����������� "I have no opinion on that. I know nothing about the girl. I think she won't be his wife, however. She's betrothed to another. And we may not like Perkins but to an American girl like Clara Tucker he's quite the catch. Her parents would disown the girl before they let her drop Perkins for Trenier. And how many girls do you know who take kindly to being disowned?"
����������� Robichaux was silent for a second. "Maybe-"
����������� "No 'maybe,'" snapped du Reine. "When we have our hearts broken, we get drunk and find another girl in the span of an hour. When Trenier gets his heart broken, it is not going to be so pleasant, I guarantee you. And I'm not cleaning up the mess. Are you?"
����������� Robichaux regarded him, looking rebellious and unconvinced. "I'm not sure it's right to keep her from him. If she's come here expressly seeking him, I'm not sure it's-"
����������� "Take her home, will you? Take her home, and if you're thoroughly enchanted with her, then we'll get her to Trenier, okay?" du Reine didn't wait for the answer. He pulled open his bedroom door. Clara Tucker was standing immediately on the other side of it, so close to it that he walked into her, trodding upon her foot, before taking a hasty step backward. Her arms were folded, and she regarded him with narrowed eyes.
����������� "Who," she asked, grandly, "is going to take me to see Mr. Trenier?"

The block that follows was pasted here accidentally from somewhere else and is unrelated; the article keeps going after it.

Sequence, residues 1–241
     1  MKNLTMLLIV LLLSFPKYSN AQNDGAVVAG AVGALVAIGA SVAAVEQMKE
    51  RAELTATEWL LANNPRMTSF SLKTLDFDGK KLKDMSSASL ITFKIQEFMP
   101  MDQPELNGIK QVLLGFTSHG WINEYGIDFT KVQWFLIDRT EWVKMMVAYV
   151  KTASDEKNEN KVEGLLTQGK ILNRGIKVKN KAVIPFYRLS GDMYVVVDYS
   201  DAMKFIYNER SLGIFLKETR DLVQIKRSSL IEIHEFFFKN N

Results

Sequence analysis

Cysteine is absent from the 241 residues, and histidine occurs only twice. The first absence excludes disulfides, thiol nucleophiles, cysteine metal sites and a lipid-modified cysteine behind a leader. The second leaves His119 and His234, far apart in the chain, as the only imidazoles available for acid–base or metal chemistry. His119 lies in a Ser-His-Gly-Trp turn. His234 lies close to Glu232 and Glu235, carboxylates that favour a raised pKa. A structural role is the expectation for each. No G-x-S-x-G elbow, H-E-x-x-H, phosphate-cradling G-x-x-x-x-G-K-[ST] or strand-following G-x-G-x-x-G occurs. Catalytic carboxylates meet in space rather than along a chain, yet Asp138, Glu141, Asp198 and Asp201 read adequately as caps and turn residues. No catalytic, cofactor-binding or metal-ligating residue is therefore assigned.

�Had he thought those eyes so wide and innocent and blue? Fool. He did not even bother to apologize for running up against her. He was finding the persistent woman irritating. "Monsieur Robichaux," he clipped out, "is going to take you home." He could hear the French edge in his voice become more pronounced in annoyance.
����������� Clara opened her mouth to protest. Then she caught the look that Robichaux cast on du Reine. It was a largely inscrutable look, but it was at least a look of disagreement. Du Rene was proving irritatingly single-minded in his unhelpfulness. Maybe it was time to focus on Robichaux. "Fine," she said, abruptly. "It was lovely to meet you, Dr. du Reine." She offered him her hand automatically.
����������� "Yes." He sent her a sardonic smile as he bowed over it. "Likewise."
����������� Clara Tucker turned and grandly swept out of the little office. Du Reine watched the door close behind her and told Robichaux, "Have fun."
����������� Robichaux thought du Reine had handled Miss Tucker badly. For a man who got along so famously with women, he had very quickly gotten on Clara Tucker's bad side. Robichaux was sure he could do better. He stepped out of the office into the glare of the sun and the wall of the humidity. Clara Tucker was waiting for him, and she squinted up at him from under the brim of her straw hat.